The Christians prayed, and so did Jews, Muslims, Hindus and Bahais, for one nation under God, indivisible.
But they did so in separate services Thursday honoring the National Day of Prayer, challenging the very meaning of an observance meant to unite all Americans.
At noon, an estimated 125 people gathered for an hourlong service on the steps of City Hall, offering Christian prayers for their city, state and nation. They waved American flags no bigger than post cards. They sang "God Bless America" and "America the Beautiful."
Wanda Walker, 54, praised God with shouts of "Amen!" when she heard the Rev. William Keller pray in the name of Jesus Christ.
"Jesus is the way, the truth and the light, and no one can get to God without going through him," said Walker, a member of Full Gospel Temple in Muncie. "Other people can have their prayers, but we are here in Jesus' name."
Other people did have their prayers, four hours later at City Hall. Just as the service was to start, a torrential thunderstorm moved in, forcing an estimated 180 people into the City Council chambers. They sang "America the Beautiful," then offered diverse prayers for the nation -- a Jewish prayer in Hebrew and English, a Muslim prayer in Arabic, a Hindu prayer in Sanskrit, and reflections from Christians, Bahais and a nonbeliever.
Lesley Schaeffer, a Christian from Muncie, came carrying a sign that read "A City That Cannot Pray Together Has No Hope."
"I have never done this before," she said of attending the prayer event. "But I came to show support. The division is ridiculous. To me, it's a form of segregation."
The services were among an estimated 50,000 National Day of Prayer observances in schools, houses of worship and government buildings across the country, including events in Washington attended by President Bush and Attorney General John Ashcroft.
The split in Muncie occurred when members of an interfaith group wanted to join Keller, an evangelical Christian who has organized a National Day of Prayer service in Muncie for 10 years. Keller said only Christians could speak from the microphone at his event, which is affiliated with a national evangelical Christian organization called the National Day of Prayer Task Force.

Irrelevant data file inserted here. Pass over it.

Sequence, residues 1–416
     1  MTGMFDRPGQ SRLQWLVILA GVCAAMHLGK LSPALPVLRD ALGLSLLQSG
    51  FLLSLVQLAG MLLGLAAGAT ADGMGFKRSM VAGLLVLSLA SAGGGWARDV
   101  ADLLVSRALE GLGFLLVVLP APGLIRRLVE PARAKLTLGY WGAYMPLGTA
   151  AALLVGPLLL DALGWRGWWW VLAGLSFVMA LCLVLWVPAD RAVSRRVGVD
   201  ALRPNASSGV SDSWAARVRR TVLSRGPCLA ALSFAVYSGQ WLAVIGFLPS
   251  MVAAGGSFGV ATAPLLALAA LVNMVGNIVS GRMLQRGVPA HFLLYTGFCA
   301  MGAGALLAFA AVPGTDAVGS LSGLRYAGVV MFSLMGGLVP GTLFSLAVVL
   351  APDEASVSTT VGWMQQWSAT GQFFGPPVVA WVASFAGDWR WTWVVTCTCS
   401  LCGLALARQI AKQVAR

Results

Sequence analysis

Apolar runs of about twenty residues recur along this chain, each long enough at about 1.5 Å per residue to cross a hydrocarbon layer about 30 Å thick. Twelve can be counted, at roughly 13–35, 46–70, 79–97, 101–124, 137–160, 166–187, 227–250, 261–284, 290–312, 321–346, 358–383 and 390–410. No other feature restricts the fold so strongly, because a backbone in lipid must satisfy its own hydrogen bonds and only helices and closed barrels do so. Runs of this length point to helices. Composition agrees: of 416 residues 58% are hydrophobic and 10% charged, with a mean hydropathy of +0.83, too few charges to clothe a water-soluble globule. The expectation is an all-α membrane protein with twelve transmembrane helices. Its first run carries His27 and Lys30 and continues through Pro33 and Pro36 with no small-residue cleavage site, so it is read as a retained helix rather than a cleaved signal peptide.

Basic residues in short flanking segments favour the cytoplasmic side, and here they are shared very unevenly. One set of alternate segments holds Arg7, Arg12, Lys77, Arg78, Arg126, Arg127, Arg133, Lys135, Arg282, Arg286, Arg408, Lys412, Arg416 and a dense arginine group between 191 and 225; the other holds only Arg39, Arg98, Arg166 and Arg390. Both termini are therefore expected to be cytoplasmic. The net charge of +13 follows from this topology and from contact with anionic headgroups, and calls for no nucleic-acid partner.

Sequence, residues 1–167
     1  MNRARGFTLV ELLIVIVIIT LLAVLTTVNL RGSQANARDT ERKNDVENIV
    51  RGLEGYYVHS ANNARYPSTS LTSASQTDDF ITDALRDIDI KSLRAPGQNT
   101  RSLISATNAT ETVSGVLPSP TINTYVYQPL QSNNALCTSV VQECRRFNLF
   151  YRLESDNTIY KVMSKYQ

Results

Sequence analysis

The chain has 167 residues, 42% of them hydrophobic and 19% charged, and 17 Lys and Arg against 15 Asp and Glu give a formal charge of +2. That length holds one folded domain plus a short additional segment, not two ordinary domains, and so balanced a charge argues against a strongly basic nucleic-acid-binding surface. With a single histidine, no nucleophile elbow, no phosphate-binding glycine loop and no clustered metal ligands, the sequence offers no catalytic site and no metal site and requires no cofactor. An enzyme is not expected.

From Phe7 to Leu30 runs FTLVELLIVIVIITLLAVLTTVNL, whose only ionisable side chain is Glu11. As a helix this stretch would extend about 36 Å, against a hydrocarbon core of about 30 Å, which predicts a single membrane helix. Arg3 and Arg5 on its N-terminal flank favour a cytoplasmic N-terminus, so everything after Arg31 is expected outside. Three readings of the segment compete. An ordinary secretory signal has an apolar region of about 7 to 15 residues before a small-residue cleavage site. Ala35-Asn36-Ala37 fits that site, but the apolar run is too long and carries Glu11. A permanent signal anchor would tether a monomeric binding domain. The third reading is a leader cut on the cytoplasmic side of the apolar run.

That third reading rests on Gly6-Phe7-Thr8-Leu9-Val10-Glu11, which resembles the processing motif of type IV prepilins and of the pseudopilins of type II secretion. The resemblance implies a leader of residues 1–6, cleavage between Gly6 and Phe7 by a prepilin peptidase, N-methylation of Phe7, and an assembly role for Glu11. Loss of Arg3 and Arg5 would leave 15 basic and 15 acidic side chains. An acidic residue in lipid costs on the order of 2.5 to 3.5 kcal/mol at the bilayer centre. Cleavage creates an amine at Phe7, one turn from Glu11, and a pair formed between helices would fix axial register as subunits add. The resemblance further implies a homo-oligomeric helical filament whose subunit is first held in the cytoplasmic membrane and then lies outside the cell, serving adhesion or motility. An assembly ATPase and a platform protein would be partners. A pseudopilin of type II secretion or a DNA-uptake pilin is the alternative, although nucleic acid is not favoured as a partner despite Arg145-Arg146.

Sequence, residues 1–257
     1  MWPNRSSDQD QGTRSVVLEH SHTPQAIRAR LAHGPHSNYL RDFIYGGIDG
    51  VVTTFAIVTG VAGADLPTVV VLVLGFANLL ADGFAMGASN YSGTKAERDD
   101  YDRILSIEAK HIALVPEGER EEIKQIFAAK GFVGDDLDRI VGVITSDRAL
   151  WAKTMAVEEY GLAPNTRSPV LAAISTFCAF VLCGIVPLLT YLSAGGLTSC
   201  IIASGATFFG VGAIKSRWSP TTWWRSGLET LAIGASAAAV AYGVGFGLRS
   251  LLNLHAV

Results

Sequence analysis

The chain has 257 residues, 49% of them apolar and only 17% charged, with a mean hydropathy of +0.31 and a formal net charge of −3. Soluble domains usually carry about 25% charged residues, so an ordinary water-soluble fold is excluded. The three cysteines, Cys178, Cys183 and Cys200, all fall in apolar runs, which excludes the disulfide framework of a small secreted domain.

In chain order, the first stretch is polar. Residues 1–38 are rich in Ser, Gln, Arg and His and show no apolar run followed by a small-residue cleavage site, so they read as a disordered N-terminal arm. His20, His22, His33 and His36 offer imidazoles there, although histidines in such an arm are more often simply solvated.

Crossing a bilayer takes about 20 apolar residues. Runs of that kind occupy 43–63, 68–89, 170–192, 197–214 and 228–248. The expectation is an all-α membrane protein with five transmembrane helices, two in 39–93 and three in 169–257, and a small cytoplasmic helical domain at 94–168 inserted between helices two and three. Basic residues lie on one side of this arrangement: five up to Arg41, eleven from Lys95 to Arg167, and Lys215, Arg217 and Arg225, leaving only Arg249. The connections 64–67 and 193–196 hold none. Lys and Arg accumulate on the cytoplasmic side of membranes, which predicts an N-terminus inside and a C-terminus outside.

Interfaith leaders decided to organize their own observance.
Muncie Mayor Dan Canan showed up for both and read the same proclamation. After eight years in office, he has grown accustomed to issuing the statement each May. But this year he tweaked the language to emphasize religious diversity amid what he called unfortunate division in the Muncie religious community.
"Prayer unites people, and this expression of reverence heals and brings its citizens together as a community and a nation," Canan said, reading from the proclamation.
Standing in the back of the crowd at the Christian service, Rashid Shabazz, 60, said he came to see for himself evidence of the religious division he had been reading about in local news reports for weeks. He's a member of the Islamic Center of Muncie.
"It seems to me we should be able to pray together. There is only one God, and we share God," he said. "We're all in this together."
The Rev. Thomas Perchlik, 42, would like there to be one service next year. He is a minister at Unitarian Universalist Church of Muncie and an organizer of the interfaith event.
"This was all worth the effort. It was so beautiful," Perchlik said. "But it's hard to tell what will happen next year."
Keller is holding fast to his conviction that Christians compromise their faith in Jesus when they let the prayers of other faiths share equal footing.
"We will be back next year doing what we have always done -- praying in the name of our savior, Jesus Christ."